Thanks to the release of Dawn Of The Planet Of The Apes, many fans and movie-goers have been advocating for Andy Serkis to start earning more recognition for his outstanding work in the field of performance capture. He's been the mo-cap star of a series of blockbusters over the last 15 years, and his latest blockbuster only further cements him as one of Hollywood's greatest talent . But the question of how much of the performance is Andy Serkis and how much of it is special effects technicians has begun to create conflict within the ranks of those that helped get Serkis' Caesar to the big screen.
The whole controversy began with an interview that Andy Serkis did with Io9 . Discussing how far performance capture has come in the last few years, the actor said,
"But also the way that Weta digital, whom I've worked with on all of those projects, that they have now schooled their animators to honor the performances that are given by the actors on set. And the teams of people who understand that way of working now are established. And that's something that has really changed. It's a given that they absolutely copy [the performance] to the letter, to the point in effect what they are doing is painting digital makeup onto actors' performances. It's that understanding which has changed as much as anything. ."
Serkis, who is currently directing a partially performance-capture adaptation of The Jungle Book , has used terms like "digital makeup" in a way that some animators feel minimizes their contribution. While many would consider Serkis' work pure collaboration, they see Serkis as going out of the way to make it known he is the one responsible for the heart and soul of characters like Gollum. Animators complained to sites like Film Drunk by stating, "Without the VFX guys, he’s just a British guy in a leotard pretending to be a magical creature."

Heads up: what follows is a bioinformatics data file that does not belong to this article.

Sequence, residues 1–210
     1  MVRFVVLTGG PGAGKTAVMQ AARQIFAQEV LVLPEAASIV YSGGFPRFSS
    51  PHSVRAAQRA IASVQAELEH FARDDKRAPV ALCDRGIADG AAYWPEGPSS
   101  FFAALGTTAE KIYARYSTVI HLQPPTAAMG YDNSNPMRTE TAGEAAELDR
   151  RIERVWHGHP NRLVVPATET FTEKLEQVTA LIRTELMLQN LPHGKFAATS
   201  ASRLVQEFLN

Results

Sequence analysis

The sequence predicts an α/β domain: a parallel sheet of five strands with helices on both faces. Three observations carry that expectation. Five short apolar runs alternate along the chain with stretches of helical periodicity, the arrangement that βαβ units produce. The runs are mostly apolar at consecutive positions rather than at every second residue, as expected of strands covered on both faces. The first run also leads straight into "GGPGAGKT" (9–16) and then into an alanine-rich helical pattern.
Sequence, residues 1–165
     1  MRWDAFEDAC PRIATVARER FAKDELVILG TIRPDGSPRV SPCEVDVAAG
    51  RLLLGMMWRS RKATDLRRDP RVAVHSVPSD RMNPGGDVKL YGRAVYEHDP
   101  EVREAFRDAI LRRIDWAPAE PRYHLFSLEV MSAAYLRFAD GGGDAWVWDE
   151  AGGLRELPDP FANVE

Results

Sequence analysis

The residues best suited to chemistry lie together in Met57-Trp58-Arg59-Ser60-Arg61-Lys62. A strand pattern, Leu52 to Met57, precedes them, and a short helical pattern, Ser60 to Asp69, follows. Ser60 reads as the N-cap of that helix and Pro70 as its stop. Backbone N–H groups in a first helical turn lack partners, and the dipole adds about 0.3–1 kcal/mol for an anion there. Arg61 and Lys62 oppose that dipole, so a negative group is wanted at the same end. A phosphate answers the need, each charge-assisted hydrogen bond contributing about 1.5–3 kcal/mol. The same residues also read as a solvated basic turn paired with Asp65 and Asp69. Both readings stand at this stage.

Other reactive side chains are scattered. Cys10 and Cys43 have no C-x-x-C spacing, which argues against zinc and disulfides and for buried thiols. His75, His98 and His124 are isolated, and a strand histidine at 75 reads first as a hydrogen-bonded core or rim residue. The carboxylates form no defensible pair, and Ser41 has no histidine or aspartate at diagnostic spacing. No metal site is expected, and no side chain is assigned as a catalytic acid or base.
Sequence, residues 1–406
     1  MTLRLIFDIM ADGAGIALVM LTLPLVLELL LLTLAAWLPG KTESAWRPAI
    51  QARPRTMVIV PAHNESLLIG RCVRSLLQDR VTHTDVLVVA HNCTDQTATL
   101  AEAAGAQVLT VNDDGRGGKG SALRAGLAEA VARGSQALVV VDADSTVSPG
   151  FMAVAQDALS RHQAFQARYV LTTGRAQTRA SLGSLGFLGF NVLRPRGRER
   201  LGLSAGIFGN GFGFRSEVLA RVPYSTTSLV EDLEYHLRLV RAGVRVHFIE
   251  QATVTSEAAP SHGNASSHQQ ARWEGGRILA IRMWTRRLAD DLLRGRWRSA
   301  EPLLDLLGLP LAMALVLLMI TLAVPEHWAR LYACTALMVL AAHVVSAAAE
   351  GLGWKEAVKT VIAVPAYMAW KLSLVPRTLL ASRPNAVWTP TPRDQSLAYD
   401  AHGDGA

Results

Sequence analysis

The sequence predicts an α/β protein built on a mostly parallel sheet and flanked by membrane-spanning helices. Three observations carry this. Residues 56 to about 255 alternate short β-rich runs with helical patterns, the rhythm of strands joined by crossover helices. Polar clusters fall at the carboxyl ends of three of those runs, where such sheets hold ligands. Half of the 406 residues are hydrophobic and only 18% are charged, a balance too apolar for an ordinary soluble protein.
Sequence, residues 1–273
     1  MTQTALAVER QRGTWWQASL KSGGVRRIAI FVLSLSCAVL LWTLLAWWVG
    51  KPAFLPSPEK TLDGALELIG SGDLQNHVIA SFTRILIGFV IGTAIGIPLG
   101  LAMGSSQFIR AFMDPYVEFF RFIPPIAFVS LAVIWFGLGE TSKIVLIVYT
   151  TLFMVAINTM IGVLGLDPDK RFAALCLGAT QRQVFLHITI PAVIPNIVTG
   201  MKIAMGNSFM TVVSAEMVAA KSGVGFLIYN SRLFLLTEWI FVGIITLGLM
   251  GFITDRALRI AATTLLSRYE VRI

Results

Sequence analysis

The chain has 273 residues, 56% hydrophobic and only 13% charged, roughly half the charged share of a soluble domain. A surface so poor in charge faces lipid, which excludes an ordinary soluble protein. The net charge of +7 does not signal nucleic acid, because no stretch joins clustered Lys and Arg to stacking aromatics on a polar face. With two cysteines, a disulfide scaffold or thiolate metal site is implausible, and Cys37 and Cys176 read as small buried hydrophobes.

Dawn of the Planet of the Apes director Matt Reeves, however, has downplayed this. Speaking to Slashfilm about the controversy, the filmmaker said,
"They are up in arms about it, sure. Well here’s the thing, that term [Digital Make-up], it’s been explained to me was actually coined by Weta... I think there is a misunderstanding about what exactly happens. The performance if you’re affected emotionally by what’s happening, which you are when you watch Caesar, you’re affected by Andy... And then I think that there are people at outside companies, not Weta, who are up in arms because that description makes it sound as if there’s a kind of button that can be pushed that could create that. But there’s two levels of the highest kind of artistry that are going on in order to create Caesar. One is a performance. And that is 100 percent Andy. "
Reeves goes on to explain, in full detail, the nature of collaboration that occurs between Serkis and the animators. It's highly detailed, complex stuff, and well worth clicking over to read, if only to hear the depth of respect Reeves has not only for the motion-capture actors, but also the animators.
Animator Joe Letteri, meanwhile, broke it down to the folks at ScienceFiction .
"Matt [Reeves] is obviously directing it, he’s constructing the film, he’s constructing the narrative, and he’s working with the actors to bring out the moment – what’s the heart of the performance. But, yeah, we have to take that all on board and we have to do a lot of that behind the scenes to present it back to him in a finished fashion…Yeah, it’s a combination of the actors and the animators. The machine is only there as a tool to allow us to store information, amplify things that we do. None of that is machine generated; it’s all done by the artists, either actors or animators."
Is one side more right than the other? Feel free to debate whether it's Serkis or the animators who deserve most of the credit for performance capture in the comments section below.